Chinese view of bin laden's death

0 CommentsPrint E-mail Global Times, May 11, 2011
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China also agreed to provide greater political and diplomatic support to the US in the United Nations after 911, noted an essay published by the China Institutes of Contemporary International Relations. The authors also suggest China played a role in improving ties between the US and Pakistan.

As well, China helped hem in Al-Qeada militants by closing its border with Afghanistan and allowed an American aircraft carrier to refuel and re-supply in Hong Kong.

In response to China's moves, the US listed the "East Turkistan Islamic Movement" as a terrorist organization in 2002, and killed it's founder, Hasan Mahsum, during a joint military operation with Pakistan in 2003.

Relations were strained again in 2004 after the US released members of the East Turkistan Islamic Movement who were being held as prisoners in Guantanamo Bay and refused to hand them over to China.

Many political scientists believe that China and the US have too much at stake on too many other fronts to allow their country's hawks to force a serious deterioration of relations. The two countries' economies are all but dependent on bilateral trade, financing and investment. The countries have also cooperated on international legal issues such money laundering, human trafficking and piracy.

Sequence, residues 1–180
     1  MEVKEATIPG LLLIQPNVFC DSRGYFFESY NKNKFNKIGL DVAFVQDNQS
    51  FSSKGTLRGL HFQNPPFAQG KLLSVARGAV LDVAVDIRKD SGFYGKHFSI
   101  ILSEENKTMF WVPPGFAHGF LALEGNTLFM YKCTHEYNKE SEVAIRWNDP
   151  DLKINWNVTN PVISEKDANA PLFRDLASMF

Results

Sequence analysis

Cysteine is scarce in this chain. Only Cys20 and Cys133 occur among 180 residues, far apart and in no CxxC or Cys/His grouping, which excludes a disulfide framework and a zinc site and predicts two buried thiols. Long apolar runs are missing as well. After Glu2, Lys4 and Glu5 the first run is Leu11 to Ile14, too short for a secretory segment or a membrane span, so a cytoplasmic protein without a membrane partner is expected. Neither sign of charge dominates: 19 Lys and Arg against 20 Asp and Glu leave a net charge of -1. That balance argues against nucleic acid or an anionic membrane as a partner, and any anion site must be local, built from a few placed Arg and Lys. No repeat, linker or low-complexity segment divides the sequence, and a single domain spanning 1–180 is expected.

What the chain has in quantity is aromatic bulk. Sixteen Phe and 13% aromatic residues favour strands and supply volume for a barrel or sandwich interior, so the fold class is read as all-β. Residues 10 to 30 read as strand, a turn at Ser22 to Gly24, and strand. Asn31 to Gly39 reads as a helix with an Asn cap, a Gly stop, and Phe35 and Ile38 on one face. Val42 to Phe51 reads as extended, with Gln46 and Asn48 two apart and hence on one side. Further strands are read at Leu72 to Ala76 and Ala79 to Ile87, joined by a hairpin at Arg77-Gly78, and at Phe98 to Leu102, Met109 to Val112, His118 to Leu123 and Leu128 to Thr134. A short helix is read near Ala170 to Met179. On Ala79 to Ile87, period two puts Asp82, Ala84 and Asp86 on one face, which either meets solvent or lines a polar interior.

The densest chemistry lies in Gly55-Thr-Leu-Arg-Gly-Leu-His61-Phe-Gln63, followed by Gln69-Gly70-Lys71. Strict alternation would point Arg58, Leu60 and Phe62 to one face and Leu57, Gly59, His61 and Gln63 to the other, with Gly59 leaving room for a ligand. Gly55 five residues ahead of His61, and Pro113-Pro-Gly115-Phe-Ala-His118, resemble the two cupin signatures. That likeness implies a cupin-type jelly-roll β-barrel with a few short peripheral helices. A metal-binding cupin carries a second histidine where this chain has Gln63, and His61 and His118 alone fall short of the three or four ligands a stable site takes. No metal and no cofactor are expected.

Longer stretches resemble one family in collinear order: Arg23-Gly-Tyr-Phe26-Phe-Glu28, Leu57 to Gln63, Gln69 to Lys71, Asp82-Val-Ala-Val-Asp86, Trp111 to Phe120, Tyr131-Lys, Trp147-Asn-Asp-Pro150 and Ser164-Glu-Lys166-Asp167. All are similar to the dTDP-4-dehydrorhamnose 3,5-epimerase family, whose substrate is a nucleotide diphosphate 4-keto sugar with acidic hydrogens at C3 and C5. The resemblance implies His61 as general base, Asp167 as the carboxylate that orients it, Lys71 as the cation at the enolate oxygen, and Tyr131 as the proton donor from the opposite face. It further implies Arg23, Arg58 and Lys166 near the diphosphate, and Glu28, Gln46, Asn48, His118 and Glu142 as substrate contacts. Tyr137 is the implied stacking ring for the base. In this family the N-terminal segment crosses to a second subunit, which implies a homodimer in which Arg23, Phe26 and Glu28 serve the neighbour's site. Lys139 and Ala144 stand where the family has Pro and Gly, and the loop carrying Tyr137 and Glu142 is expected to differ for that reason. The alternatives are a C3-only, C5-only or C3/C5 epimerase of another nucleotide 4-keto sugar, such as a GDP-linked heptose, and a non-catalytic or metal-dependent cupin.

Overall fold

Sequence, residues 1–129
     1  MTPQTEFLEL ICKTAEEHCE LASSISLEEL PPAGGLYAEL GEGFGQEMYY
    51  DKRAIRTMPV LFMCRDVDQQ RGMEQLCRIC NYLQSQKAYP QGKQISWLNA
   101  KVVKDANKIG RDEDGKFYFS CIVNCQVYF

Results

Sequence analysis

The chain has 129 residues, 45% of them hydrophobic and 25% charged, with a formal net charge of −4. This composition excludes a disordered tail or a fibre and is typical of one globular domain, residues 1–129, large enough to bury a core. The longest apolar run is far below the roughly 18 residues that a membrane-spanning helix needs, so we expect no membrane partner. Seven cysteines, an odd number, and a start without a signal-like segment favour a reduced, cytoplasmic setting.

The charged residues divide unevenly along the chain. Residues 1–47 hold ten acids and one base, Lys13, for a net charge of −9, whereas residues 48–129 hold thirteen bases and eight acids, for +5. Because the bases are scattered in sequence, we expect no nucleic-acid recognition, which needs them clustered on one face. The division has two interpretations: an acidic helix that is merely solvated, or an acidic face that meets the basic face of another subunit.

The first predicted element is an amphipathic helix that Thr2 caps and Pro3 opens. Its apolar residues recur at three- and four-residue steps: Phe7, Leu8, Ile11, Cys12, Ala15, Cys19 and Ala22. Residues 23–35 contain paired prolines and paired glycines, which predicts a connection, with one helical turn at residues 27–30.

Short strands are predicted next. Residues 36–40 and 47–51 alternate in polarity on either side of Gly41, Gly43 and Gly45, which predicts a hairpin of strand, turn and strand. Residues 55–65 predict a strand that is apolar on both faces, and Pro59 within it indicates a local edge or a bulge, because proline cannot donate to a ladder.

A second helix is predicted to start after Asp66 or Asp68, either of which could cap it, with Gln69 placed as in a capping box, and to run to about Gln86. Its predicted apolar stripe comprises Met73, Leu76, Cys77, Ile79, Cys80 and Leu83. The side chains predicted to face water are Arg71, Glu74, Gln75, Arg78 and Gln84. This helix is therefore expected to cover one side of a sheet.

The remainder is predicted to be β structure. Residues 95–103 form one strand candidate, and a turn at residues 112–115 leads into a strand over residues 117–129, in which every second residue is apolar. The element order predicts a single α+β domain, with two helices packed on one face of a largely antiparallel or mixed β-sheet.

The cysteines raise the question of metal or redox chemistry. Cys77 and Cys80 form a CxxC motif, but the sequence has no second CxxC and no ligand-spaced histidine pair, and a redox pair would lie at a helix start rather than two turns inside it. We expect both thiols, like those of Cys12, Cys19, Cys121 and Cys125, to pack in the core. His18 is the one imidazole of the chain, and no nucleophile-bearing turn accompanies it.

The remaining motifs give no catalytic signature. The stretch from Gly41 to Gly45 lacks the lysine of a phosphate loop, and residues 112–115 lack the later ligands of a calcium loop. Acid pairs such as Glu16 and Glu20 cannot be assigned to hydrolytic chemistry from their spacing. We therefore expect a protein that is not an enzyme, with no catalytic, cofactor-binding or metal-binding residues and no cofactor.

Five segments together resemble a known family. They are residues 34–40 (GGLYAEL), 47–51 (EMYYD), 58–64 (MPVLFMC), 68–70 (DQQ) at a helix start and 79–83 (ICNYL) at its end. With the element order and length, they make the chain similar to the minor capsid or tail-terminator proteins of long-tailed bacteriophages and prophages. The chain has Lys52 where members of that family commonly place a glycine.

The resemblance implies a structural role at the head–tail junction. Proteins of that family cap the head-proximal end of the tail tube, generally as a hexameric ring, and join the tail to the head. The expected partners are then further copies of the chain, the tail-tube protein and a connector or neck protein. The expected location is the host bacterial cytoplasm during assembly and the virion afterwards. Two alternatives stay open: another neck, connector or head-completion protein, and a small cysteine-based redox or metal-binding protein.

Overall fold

"The death of Bin Laden won't have much influence on current Sino-US relations. The war on terrorism is far from over and the US will be on high alert for a terrorist attack for the next five to 10 years," said Sun Zhe, director of the center for Sino-US relations at Tsinghua University.

"It's unlikely the US will continue to give China a hard time and the political situation is totally different than it was in 2001. The US seems to have realized that pressure tactics can only harm relations," he added.

And indeed relations continue to move apace as witnessed by the Third Sino-US Strategic and Economic Dialogue, which ended in the Washington yesterday. At the meeting Vice Premier Wang Qishan perhaps offered a hopeful insight into future bilateral relations when he said "China and the US have far more shared interests than differences."

"So the voice from the Internet is just a flash in the pan, the greater trend can't be stopped, no one wants to see giants like China and the US in conflict," said professor Shen.

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